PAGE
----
Last year, the European Child Safety Alliance (ECSA) found that Ireland had the second highest rate of male suicide in Europe among young people. The report also found that young Irish women under the age of nineteen were most likely to commit suicide, with Lithuania coming in second, and Norway in third. The rate is nineteen times higher than that of Greece, and more than doubles the European Union average.
Since then, Ireland has engaged in a number of suicide prevention campaigns to raise awareness about mental well-being and to promote the idea that it’s okay not to be okay. September saw various landmarks around the country light up orange in recognition of World Suicide Prevention Day. The campaign was launched by Cycle Against Suicide, who introduced their initiative in order to “break the cycle,” and emphasise the importance of asking for help when it’s needed.
This month, Sherrie Gearheart is in Ireland doing the exact same thing. As Miss United Nations 2015, Gearheart spends most of her time travelling around the world acting as ambassador for the pageant, fostering international and culturally diverse friendships, and securing links between various communities around the globe. Although the event has no affiliation with international pageant systems or the United Nations, the occasion shares its delegate’s ideas concerning community-based projects and aims to leave a positive impact on various areas across the globe. It probably ensures its ambassadors look great while doing it too.
Today, Miss United Nations is travelling to various schools around the country where she will speak to students and government officials alike about the importance of addressing mental health issues; particularly depression and the risk of suicide. Gearheart will be joined by Ireland’s first Miss United Nations ambassador, sixteen year old Emma Gavin – who was recently crowned Ultimate Miss Worldwide Teen Ireland – and Brittany Gallarneau who holds the title of Ultimate Miss Worldwide Teen USA.[pullquote]The suicide rate in Ireland is nineteen times higher than that of Greece, and more than doubles the European Union average.[/pullquote]
But Miss United Nation’s trip won’t be all crowns, sceptres, and inspirational speeches for world peace. Rather, Sherrie Gearheart uses her platform to address those who might be afraid to ask for help. In 2010, she set up her suicide prevention and awareness charity, Live Out Loud (LOLC). Although the organisation is based in Chicago, its volunteers spend their time reaching out to millions of people around the world through a multitude of media platforms and visits from the charity’s founder. According to their mission statement, Live Out Loud dedicate themselves to serving those at risk of committing suicide through hosting seminars and events, initiating programmes, and saving lives “through education and awareness.”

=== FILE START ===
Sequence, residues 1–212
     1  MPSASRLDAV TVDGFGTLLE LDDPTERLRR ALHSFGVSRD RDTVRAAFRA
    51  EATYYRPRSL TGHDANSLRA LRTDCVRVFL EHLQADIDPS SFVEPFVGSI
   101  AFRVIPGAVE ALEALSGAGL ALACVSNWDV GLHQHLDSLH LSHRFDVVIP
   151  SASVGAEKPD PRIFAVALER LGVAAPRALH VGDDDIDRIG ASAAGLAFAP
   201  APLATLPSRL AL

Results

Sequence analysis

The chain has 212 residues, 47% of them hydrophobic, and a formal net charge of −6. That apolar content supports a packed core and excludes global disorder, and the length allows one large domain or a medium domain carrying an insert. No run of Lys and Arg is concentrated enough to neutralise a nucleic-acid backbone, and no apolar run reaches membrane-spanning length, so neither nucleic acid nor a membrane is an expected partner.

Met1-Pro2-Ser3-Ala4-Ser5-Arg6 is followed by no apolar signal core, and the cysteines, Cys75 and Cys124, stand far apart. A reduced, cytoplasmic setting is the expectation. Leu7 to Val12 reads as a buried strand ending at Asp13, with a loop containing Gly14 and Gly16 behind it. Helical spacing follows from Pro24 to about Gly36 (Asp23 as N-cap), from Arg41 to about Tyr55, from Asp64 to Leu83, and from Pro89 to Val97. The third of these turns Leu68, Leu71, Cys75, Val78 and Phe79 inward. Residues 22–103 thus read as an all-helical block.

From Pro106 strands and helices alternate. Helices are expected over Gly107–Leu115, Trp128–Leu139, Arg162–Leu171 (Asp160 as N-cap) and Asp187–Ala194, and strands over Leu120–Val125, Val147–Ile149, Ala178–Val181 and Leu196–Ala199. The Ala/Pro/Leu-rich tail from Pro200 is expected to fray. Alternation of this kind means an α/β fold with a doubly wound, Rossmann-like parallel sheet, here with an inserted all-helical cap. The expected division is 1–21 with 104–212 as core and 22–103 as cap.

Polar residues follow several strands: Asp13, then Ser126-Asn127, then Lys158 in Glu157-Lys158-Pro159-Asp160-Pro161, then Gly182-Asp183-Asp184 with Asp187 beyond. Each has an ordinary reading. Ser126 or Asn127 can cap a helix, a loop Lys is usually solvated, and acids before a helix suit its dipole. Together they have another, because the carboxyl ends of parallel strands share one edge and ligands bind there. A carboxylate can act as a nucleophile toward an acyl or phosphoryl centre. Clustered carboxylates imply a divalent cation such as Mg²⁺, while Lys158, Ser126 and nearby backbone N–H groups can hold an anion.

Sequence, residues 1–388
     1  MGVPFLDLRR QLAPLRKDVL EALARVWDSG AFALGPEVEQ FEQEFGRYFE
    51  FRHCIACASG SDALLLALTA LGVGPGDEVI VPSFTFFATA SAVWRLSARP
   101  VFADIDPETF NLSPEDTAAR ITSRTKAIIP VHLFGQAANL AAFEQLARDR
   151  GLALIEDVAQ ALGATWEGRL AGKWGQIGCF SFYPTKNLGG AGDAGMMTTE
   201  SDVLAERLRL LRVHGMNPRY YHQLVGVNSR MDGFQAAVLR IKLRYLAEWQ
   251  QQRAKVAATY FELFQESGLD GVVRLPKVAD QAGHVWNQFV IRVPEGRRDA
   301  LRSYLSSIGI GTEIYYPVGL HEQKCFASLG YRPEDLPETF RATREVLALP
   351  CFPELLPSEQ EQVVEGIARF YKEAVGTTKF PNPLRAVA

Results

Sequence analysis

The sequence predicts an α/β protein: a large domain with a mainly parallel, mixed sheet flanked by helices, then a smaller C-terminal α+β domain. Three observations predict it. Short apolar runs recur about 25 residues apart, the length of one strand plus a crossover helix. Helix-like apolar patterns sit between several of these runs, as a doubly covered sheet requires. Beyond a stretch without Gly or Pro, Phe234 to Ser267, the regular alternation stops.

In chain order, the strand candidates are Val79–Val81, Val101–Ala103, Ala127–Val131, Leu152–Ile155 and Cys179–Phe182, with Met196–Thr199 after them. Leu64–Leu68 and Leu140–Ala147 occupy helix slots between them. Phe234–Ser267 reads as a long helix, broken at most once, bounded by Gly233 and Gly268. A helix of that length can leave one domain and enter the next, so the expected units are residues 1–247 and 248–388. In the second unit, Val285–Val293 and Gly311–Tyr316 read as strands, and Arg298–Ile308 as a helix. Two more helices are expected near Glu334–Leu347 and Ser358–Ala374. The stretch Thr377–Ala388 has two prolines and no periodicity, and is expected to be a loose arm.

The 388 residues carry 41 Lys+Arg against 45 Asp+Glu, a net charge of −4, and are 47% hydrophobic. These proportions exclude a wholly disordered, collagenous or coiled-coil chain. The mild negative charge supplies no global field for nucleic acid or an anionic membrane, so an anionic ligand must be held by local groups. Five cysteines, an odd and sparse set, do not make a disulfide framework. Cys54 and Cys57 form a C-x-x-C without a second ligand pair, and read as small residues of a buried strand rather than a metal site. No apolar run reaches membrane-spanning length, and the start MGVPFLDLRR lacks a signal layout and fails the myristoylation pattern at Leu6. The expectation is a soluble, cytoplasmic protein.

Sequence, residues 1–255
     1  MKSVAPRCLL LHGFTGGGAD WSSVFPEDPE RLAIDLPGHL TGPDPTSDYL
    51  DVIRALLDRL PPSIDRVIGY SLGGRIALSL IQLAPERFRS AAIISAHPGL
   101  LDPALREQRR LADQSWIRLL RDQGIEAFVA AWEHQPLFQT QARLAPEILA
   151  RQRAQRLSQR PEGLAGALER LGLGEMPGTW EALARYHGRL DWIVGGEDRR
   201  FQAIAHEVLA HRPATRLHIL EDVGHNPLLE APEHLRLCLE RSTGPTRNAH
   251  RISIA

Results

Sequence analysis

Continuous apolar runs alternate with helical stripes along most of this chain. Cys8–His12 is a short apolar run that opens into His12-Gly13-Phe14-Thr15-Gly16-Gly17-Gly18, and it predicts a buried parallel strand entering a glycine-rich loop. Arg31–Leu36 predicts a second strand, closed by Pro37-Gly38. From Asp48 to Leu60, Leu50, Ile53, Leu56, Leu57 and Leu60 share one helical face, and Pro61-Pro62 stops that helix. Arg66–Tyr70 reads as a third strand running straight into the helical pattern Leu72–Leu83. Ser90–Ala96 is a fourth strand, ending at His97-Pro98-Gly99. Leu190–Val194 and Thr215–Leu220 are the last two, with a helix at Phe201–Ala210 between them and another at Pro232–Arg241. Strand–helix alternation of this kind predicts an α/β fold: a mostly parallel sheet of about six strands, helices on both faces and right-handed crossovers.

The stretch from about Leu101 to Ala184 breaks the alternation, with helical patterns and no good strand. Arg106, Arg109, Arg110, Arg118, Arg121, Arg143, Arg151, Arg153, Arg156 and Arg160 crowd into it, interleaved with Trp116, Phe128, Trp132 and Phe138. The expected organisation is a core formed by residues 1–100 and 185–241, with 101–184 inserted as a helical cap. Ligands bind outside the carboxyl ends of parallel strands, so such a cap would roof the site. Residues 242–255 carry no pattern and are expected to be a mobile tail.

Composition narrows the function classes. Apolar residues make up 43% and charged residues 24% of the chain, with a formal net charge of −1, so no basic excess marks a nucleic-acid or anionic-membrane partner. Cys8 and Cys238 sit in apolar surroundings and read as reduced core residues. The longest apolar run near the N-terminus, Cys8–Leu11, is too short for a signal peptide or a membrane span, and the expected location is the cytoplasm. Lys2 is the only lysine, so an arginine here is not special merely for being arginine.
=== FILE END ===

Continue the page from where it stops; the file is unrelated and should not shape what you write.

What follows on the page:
Gearheart plans to promote her ideas of well-being through a programme called Core Character Development. As suicide prevention requires a thoroughly considered and multi-layered response, the programme focuses on building self-esteem, condemning bullying in schools, and acknowledging signs of depression in young people.[pullquote]Core Character Development focuses on building self-esteem, condemning bullying in schools, and acknowledging signs of depression in young people.[/pullquote]
As well as hosting seminars in schools, Live Out Loud also do lots of other good things like running events and workshops in the US and across the globe. The charity publish regular articles about suicide prevention in Action Magazine, operate worldwide support systems for individuals with mental health issues via text, email, phone calls, and social media sites, and recommend suitable counselling services and alternative hotlines for those who need them most. The group also hold regular fashion show fundraisers where its ambassadors get together, invite lots of guests, show-off some fashion, and raise a lot of money for their cause.
Live Out Loud has over 50 young spokespeople worldwide and continues to grow every year. Alongside it are Ireland’s own suicide prevention and mental health awareness organisations like Suicide or Survive (SOS), who aim to challenge the stigma associated with mental illness while also providing services to those at risk of taking their own lives, and Pieta House, who have been combating self-harm and suicide, and providing counselling services for almost a decade. Since 2006, Pieta House have helped over 18,000 individuals suffering with suicidal thoughts or engaging in self-harm. The group have centres all over the country, with almost 180 therapists serving hundreds of people every year.
When Gearheart is finished in Ireland, she’ll travel to Liberia to implement her suicide prevention scheme there too. Fair play, Miss United Nations.
Images via prolog.org